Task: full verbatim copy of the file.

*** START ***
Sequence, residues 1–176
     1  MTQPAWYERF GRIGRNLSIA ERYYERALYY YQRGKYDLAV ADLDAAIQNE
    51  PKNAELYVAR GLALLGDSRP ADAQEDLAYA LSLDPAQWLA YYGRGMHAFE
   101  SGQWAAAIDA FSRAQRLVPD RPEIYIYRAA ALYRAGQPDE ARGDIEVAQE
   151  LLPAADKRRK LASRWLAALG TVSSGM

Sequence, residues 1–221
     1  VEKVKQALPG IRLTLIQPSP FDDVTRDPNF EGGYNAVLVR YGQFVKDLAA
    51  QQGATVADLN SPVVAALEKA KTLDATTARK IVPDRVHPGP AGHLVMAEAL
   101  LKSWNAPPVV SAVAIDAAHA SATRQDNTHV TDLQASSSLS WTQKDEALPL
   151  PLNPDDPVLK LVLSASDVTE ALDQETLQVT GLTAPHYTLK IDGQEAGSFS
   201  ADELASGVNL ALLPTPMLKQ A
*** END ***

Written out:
Sequence, residues 1–176
     1  MTQPAWYERF GRIGRNLSIA ERYYERALYY YQRGKYDLAV ADLDAAIQNE
    51  PKNAELYVAR GLALLGDSRP ADAQEDLAYA LSLDPAQWLA YYGRGMHAFE
   101  SGQWAAAIDA FSRAQRLVPD RPEIYIYRAA ALYRAGQPDE ARGDIEVAQE
   151  LLPAADKRRK LASRWLAALG TVSSGM

Sequence, residues 1–221
     1  VEKVKQALPG IRLTLIQPSP FDDVTRDPNF EGGYNAVLVR YGQFVKDLAA
    51  QQGATVADLN SPVVAALEKA KTLDATTARK IVPDRVHPGP AGHLVMAEAL
   101  LKSWNAPPVV SAVAIDAAHA SATRQDNTHV TDLQASSSLS WTQKDEALPL
   151  PLNPDDPVLK LVLSASDVTE ALDQETLQVT GLTAPHYTLK IDGQEAGSFS
   201  ADELASGVNL ALLPTPMLKQ A